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Did you know that medical debt is the number one cause of bankruptcy in the United States? It’s true, and unfortunately, over two million people have experienced the crushing weight of their medical bills. 

The cost of medical care continues to rise, along with the price of health insurance policies. What isn’t rising high enough to keep up are the average wages that Americans make. 

This leads to more and more medical debt that makes life stressful. If you’ve found yourself in this position, we’re going to break down effective medical debt relief strategies so you can finally get free from your medical bills. 

1. Negotiate Your Bills Down

The good news is that hospital bills can often be negotiated down to a lower price. In fact, the price of your initial bill is much higher than what insurance companies would actually have to pay. 

The price the hospital is charging you is the “chargemaster” rate. However, you can ask for the price that insurance companies, Medicaid, or Medicare would pay, and ask for that instead.

Make it clear that you cannot afford to pay the chargemaster rate, and they will likely work with you to get a lower price. 

2. Ask About Relief Programs

Many hospitals have financial assistance programs that offer medical debt relief. In fact, non-profit medical centers are required to have assistance programs. 

The program may be called charity care, and you can call the hospital to ask about your options. Depending on your income, they may be able to forgive the medical debt altogether.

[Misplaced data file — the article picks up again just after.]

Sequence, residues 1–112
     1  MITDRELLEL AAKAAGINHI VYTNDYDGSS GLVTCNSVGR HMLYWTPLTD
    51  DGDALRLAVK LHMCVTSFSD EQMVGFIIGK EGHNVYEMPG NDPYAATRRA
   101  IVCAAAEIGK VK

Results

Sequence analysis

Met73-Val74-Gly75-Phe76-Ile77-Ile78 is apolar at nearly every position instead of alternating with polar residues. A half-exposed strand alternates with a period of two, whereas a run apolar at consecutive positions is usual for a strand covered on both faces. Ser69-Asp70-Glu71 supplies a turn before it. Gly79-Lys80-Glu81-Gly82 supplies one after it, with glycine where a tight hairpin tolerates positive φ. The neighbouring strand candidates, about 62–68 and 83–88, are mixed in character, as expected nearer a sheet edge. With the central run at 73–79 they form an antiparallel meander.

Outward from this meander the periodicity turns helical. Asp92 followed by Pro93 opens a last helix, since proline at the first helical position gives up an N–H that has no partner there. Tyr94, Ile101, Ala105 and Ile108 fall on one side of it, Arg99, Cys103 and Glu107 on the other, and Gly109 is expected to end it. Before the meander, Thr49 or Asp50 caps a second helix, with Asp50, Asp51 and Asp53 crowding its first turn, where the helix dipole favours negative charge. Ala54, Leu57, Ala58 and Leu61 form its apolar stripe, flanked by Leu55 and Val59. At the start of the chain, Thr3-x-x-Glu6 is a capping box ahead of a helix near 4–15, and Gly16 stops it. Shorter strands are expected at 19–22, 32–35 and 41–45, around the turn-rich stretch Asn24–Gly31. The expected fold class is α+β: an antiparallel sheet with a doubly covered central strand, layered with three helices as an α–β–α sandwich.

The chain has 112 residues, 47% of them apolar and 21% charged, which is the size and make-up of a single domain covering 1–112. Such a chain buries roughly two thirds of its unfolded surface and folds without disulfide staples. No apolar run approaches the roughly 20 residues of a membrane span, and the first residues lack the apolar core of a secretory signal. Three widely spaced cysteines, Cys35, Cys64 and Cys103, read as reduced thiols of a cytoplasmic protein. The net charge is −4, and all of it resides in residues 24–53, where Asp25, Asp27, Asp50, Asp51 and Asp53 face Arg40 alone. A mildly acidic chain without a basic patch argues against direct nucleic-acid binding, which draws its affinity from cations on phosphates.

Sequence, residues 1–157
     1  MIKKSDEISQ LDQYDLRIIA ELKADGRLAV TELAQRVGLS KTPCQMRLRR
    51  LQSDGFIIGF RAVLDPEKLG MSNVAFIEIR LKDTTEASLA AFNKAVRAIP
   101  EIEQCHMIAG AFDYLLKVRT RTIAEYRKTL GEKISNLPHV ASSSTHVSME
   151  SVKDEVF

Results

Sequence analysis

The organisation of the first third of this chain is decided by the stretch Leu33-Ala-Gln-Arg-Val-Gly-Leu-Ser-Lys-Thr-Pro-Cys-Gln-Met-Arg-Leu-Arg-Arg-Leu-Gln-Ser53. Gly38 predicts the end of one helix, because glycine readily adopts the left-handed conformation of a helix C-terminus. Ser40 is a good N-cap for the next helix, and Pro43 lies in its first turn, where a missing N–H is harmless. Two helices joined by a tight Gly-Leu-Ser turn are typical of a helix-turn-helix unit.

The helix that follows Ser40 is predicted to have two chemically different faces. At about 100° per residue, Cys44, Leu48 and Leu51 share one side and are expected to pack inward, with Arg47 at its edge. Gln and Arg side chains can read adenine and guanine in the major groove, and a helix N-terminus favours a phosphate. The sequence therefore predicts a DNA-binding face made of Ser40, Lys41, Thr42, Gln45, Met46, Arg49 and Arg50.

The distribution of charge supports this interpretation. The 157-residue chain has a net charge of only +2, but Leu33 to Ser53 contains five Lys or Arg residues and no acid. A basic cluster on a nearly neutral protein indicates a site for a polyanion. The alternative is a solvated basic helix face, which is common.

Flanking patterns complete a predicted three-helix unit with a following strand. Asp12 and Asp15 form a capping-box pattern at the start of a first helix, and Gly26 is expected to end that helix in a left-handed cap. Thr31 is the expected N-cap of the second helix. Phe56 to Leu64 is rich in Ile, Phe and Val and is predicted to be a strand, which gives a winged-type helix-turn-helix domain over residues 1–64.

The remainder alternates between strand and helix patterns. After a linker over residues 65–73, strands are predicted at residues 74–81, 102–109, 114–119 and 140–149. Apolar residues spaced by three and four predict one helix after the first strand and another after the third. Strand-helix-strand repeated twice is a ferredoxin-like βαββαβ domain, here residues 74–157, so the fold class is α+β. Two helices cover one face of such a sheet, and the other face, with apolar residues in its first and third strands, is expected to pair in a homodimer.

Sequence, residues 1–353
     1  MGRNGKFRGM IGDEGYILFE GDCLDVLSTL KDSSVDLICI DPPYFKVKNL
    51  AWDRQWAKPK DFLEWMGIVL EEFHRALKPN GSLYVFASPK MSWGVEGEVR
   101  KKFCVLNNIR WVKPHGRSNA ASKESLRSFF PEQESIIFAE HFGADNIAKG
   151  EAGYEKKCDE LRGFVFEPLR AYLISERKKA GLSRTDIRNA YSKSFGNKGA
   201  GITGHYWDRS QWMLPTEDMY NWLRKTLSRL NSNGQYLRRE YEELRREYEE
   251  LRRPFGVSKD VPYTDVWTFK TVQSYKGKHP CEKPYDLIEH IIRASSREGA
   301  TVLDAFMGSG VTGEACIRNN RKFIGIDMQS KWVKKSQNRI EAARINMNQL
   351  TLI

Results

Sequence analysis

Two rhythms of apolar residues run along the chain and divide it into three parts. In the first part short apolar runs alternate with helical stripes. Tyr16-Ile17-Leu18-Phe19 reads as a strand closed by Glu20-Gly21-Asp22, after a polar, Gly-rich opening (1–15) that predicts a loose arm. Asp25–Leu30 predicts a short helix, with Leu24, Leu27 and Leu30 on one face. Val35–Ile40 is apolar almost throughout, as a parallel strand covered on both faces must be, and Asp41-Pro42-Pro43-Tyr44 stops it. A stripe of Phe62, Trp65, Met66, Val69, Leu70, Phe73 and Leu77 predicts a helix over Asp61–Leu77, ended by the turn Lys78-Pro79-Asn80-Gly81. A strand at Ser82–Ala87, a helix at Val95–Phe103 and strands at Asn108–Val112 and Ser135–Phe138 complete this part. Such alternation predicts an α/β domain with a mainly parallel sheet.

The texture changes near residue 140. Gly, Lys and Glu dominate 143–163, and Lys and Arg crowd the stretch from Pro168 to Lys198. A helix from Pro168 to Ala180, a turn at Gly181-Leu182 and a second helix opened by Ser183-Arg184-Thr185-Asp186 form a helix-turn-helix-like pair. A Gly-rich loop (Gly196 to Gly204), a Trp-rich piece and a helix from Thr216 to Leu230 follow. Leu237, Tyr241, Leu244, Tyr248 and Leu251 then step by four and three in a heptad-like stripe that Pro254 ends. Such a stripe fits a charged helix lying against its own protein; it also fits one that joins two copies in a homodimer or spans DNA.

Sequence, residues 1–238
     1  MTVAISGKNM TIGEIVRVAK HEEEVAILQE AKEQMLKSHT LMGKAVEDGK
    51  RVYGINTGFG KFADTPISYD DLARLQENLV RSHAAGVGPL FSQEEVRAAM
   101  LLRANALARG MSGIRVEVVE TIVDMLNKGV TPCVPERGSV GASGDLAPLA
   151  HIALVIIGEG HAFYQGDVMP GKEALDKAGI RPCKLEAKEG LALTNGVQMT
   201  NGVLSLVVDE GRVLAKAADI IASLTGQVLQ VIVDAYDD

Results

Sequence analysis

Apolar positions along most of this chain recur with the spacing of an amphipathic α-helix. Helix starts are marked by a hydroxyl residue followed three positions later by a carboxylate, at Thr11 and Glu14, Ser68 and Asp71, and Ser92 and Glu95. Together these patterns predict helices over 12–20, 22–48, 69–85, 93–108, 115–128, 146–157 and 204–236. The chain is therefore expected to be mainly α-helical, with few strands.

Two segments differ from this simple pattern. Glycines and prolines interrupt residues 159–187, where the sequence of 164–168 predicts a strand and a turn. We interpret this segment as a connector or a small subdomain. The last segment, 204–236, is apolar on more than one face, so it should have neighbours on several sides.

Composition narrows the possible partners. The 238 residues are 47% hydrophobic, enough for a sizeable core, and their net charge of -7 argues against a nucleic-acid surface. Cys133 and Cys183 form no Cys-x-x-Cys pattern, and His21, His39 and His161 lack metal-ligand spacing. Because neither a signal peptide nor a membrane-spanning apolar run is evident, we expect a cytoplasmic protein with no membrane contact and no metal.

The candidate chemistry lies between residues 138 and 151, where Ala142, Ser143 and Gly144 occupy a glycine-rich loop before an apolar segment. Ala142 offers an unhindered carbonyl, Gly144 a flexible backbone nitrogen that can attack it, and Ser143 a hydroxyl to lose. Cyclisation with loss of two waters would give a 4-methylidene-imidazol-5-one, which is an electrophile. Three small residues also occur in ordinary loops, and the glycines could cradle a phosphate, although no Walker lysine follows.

If your income is too high for the relief program, you can still try to negotiate your bill down using the tip above. When it comes to medical debt, persistence pays off.

If you don’t get the deal you need the first time you ask, keep calling back to negotiate a better price. The hospital wants the bill paid, so they will work with you if you keep asking.

3. Don’t Move the Debt to a Credit Card

As we said, the hospital wants the bill paid, so putting it on a credit card instead takes away their incentive to lower your bill. Plus, it racks up more interest on a credit card than it would at the hospital.

Credit cards may also have more strict payment due dates, whereas hospitals will work with you on a payment plan. 

You should also keep in mind that medical debt is not detrimental to your credit score, and you shouldn’t prioritize it over your household bills. Don’t get into more financial trouble trying to pay off your medical debt right away. 

Final Thoughts on Medical Debt Relief

To wrap up, remember that you can always negotiate your medical bills down to a lower price. You may even qualify for medical debt relief programs that your hospital offers. 

If you need help, there are advocates who can work on your behalf to bring your medical bills down. For more financial tips and guides, check out the rest of the blog.  


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